Santa Barbara sextet, the Mad Caddies, then took the stage to share some reggae/ska punk love with the masses.  Despite lead singer Chuck not getting any sound out of his monitor for the early part of their set, the boys were sounding great.  The crowd was skanking and grooving along from the opening trumpet refrain of The Dirge to the last notes of oompah thrasher All American BadAss.  Personal highlights for me were Road Rash, Weird Beard and the cover of Propagandhi’s Nation States from last summer’s Punk Rocksteady album.

Keeping the ska punk vibe going, The Interrupters followed next.  My main exposure to the Bivona brothers and Aimee Interrupter is from my wife and nine-year-old daughter playing them in the car and around the house.  I’ve always appreciated their Hellcat inflected tunes and was looking forward to seeing them in person.  Friend Like Me got the crowd moving nicely and they went on to play Take Back The Power, On A Turntable, She’s Kerosene and She Got Arrested amongst others.  It could have just been me but it did feel like the energy in the crowd dropped a few songs into the set but this was by no means a reflection of the effort being given by the band.  They finished with This Is My Family adding a slightly prolonged singalong finale to the song which I could have done without but, overall, I was pleased to have caught The Interrupters live.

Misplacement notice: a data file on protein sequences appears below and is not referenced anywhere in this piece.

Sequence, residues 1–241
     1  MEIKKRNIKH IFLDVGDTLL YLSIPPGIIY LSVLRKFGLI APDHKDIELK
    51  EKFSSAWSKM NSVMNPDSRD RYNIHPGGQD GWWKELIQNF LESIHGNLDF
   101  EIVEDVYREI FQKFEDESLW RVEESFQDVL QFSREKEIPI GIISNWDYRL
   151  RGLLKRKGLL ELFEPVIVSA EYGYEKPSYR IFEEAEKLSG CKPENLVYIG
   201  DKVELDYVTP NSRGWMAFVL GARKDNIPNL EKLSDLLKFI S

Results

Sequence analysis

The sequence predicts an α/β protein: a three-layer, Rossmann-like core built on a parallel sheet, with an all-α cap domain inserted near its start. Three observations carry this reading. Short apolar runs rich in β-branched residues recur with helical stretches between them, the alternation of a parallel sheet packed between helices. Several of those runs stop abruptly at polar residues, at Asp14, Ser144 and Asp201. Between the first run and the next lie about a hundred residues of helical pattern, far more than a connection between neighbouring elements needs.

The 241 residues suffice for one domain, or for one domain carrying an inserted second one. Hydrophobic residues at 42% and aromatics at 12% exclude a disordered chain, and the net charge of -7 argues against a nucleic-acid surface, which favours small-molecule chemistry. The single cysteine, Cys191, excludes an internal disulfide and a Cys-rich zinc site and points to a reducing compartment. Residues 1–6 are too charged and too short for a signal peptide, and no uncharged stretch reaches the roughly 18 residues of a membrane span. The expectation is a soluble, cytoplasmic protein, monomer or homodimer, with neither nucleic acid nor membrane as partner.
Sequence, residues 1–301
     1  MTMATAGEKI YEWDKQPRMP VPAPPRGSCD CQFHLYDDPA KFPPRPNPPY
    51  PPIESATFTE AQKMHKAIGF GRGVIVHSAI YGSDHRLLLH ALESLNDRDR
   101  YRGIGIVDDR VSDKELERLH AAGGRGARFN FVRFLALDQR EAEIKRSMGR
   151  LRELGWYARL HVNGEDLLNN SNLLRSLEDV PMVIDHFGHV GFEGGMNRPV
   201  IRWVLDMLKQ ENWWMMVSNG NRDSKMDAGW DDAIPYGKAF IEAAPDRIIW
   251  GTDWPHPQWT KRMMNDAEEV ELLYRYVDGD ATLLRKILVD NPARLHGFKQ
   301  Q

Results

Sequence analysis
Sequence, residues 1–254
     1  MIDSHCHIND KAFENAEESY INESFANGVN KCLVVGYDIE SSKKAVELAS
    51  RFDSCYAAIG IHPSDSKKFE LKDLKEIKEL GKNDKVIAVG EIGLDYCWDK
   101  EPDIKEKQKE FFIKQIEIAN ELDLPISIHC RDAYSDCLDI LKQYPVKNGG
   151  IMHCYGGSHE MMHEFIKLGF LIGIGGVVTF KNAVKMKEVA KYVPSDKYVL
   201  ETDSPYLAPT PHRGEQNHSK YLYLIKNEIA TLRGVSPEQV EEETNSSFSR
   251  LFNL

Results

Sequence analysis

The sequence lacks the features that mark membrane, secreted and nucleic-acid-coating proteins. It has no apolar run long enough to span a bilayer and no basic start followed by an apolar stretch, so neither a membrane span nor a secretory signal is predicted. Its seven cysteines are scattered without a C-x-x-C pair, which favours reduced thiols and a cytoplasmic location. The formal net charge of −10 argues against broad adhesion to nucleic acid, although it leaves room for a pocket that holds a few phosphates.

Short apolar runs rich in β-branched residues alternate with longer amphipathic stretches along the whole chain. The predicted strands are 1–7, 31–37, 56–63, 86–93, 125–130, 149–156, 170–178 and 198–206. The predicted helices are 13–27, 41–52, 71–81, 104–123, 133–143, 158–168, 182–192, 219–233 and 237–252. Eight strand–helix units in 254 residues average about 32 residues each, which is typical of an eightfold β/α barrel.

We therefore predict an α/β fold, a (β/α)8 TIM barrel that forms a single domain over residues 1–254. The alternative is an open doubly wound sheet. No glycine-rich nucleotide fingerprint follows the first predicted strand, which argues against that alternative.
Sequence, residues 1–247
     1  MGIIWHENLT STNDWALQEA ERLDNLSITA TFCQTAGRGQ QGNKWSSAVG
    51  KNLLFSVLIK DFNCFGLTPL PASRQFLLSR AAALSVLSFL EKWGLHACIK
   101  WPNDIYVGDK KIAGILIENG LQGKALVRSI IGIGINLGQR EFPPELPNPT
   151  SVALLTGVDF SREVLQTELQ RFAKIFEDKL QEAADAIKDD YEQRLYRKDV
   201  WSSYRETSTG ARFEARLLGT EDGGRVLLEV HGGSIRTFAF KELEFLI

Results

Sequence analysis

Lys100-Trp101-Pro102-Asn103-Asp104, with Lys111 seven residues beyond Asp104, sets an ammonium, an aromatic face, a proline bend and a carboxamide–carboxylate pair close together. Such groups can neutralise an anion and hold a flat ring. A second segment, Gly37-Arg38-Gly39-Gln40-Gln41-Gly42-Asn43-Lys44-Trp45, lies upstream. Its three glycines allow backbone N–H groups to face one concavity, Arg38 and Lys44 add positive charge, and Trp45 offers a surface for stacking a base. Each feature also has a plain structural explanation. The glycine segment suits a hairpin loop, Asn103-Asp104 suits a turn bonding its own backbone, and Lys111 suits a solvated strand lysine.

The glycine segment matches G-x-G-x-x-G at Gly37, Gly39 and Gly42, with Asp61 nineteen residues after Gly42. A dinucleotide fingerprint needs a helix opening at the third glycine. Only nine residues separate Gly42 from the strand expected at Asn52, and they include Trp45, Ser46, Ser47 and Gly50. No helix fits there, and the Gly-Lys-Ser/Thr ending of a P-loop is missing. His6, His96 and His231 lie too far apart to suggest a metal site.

I first saw Lagwagon in 1998, headlining a show which also had NUFAN, Strung Out and Swingin Utters on the line up, a few months before Let’s Talk About Feelings came out.  I have a lot of time for this band and I waited patiently to see them for the fourth (fifth?) time while my compadres foolishly opted to hit the bar and food stalls.  Their set list focussed mainly on their mid to late nineties albums with Violins, Sleep, Razor Burn from Hoss; Alien 8 and Making Friends from Double Plaidinum and Change Despair, May 16 and After You My Friend from ‘Feelings.  Cog In The Machine got an airing from 2014’s Hang, I had been hoping for a few more from this album but they had played a lot of those songs when they played London last year so I wasn’t too disappointed.  With close to thirty years under their belts, it’s no surprise Lagwagon are consistently excellent live, with plenty of choreographed shredding and general tom foolery thrown in for good measure.  The rain started to fall as the set drew to a close, so after four and half hours at the Punk in Drublic stage I took a wander to find food, toilets and buy a long overdue round at the beer tent.